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Take-off: American All-Girl Bands During WWII [NOOK Book]


The 1940's was a time when society thought it improper for women to make a sax wail or let loose hot licks on skins, but with the advent of World War II and many men away fighting the war, women finally got their chance to strut their stuff on the bandstand. These all-girl...
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Take-off: American All-Girl Bands During WWII

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The 1940's was a time when society thought it improper for women to make a sax wail or let loose hot licks on skins, but with the advent of World War II and many men away fighting the war, women finally got their chance to strut their stuff on the bandstand. These all-girl bands kept morale high on the homefront and on USO tours of miltary bases across the globe while also helping to establish America's legacy in jazz music.

"Take-off?" Oh, yeah. Several all-girl bands did.

This book includes a hip swing CD.

From the Hardcover edition.
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Editorial Reviews

School Library Journal

Gr 5-8
History and music are combined in this account of all-women bands during World War II. Information about jazz and swing underlies Bolden's focus on the significance of female musicians who filled the void created by the war. They had to prove themselves in general and overcome ideas about what kind of music was appropriate for women to perform. Racism also impacted the ability of a number of the bands to tour the country. Bolden provides a wealth of material in this brief selection, and does so in a lively prose style and with frequent use of jazz vernacular. Photo captions and boxed inserts add interesting details. Endnotes; source lists of books, periodicals, and videos; a recommended reading list, and a discography are appended. This book would be most helpful for assignments on music or women's history.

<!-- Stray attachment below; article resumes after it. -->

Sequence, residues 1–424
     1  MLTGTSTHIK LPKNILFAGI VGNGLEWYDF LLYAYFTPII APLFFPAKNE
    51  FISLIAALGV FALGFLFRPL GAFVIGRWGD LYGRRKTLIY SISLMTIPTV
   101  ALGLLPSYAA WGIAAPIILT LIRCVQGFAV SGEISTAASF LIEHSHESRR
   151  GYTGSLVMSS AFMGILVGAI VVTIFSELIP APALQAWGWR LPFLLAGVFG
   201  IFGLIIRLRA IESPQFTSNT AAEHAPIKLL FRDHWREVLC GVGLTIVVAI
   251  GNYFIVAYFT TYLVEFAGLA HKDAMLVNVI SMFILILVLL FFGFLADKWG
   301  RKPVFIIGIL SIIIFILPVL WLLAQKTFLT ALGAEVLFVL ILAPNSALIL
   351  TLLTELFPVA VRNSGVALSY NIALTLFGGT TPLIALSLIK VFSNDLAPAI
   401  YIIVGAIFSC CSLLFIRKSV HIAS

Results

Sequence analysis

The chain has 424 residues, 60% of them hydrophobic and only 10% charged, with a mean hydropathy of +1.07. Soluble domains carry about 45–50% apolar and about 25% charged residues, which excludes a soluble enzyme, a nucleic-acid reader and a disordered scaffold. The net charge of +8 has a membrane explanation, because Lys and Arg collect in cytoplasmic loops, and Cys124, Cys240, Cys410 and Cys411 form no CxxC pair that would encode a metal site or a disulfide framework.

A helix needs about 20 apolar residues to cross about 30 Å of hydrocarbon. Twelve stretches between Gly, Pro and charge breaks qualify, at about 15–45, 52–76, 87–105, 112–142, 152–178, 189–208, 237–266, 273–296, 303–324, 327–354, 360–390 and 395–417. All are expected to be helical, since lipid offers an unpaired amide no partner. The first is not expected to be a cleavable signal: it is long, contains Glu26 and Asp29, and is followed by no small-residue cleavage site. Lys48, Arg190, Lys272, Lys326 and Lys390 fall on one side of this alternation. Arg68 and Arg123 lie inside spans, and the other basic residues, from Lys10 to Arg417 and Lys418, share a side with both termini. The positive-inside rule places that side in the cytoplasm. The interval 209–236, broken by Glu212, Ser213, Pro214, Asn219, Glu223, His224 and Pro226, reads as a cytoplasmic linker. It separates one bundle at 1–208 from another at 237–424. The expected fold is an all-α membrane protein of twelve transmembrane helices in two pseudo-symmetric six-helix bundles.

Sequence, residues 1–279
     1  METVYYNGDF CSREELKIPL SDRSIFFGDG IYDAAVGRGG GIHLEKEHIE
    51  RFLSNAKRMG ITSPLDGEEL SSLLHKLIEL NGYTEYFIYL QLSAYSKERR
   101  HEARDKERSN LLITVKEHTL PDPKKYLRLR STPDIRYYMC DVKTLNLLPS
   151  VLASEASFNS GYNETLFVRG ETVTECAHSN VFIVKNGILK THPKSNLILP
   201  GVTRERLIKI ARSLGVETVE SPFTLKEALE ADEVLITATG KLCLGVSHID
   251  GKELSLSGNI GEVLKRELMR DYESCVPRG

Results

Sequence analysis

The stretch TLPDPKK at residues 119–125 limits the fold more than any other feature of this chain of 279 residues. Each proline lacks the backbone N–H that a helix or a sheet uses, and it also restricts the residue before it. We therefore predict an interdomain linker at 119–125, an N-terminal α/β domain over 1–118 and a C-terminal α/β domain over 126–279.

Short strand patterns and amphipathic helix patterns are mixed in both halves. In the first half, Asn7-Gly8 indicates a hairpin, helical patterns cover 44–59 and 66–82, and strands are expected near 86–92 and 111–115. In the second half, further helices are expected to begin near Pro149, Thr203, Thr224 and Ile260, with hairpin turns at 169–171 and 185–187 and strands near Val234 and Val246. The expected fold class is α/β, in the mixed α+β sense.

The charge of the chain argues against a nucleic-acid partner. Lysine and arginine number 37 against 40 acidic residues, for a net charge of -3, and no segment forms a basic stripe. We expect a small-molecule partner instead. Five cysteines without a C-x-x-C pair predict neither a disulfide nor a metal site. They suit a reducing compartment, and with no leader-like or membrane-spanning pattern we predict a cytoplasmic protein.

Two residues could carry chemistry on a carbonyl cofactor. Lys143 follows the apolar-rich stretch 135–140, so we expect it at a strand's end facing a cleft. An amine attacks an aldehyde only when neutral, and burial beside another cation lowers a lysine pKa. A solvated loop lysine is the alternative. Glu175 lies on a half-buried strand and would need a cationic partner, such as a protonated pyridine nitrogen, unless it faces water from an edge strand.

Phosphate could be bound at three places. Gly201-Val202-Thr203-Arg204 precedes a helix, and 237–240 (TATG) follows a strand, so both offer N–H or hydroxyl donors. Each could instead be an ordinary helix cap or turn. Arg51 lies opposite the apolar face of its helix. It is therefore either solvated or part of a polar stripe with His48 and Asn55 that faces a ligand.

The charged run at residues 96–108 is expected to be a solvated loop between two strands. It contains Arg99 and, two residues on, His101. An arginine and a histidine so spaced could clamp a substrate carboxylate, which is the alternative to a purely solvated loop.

—Renee SteinbergCopyright 2006 Reed Business Information.

Kirkus Reviews
In the argot of the times, Bolden offers a fascinating study of the girl bands of the Swing era during WWII. So these gals are chicks and fems, the orchestra is "ork" and "the average weekly salary about fifty bucks." She focuses on three: Ada Leonard's, the Prairie View State College Co-eds and the Sweethearts of Rhythm. She opens with a nifty page of quotes from musicians trying to define "swing"-"free speech in music," said Benny Goodman. She continues with stories, as much as possible in their own words, of women touring under wartime conditions, playing for USO shows and dressing in those fluffy gowns in train-station restrooms. The International Sweethearts of Rhythm, a black band, even had some white members who wore darker makeup and endured the Jim Crow conditions of their bandmates. After the war, big bands fell out of fashion and very few of the gals were interviewed or recorded, but "chicks with a pen and a lens" began tracking their histories in the late 20th century. Fascinating stuff. (glossary (not seen), notes, sources, recommended reading and listening, index (not seen), CD) (Nonfiction. 10-15)
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Product Details

  • ISBN-13: 9780307491633
  • Publisher: Random House Children's Books
  • Publication date: 2/19/2009
  • Sold by: Random House
  • Format: eBook
  • Pages: 80
  • Age range: 10 years
  • File size: 8 MB

Meet the Author

Tonya Bolden is the author of several books for young readers including Rock of Ages, The Champ, Cause: Reconstruction America, 1863-1877, and Maritcha, an ALA Notable Book, and Coretta Scott King Honor Book. She lives in New York City

From the Hardcover edition.
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Table of Contents

Intro     3
"The Band Was on fire": Ada Leonard's All-American Girl Orchestra     10
"We Played All the Way up to New York!": The Prairie View State College Co-Eds     26
"What Are We Gonna Do for a Drummer?": The International Sweethearts of Rhythm     37
Outro     54
Glossary     62
Notes     64
Selected Sources     70
Recommended Reading     72
Recommended Listening     72
Illustration and Text Credits     73
Acknowledgments     74
Index     75
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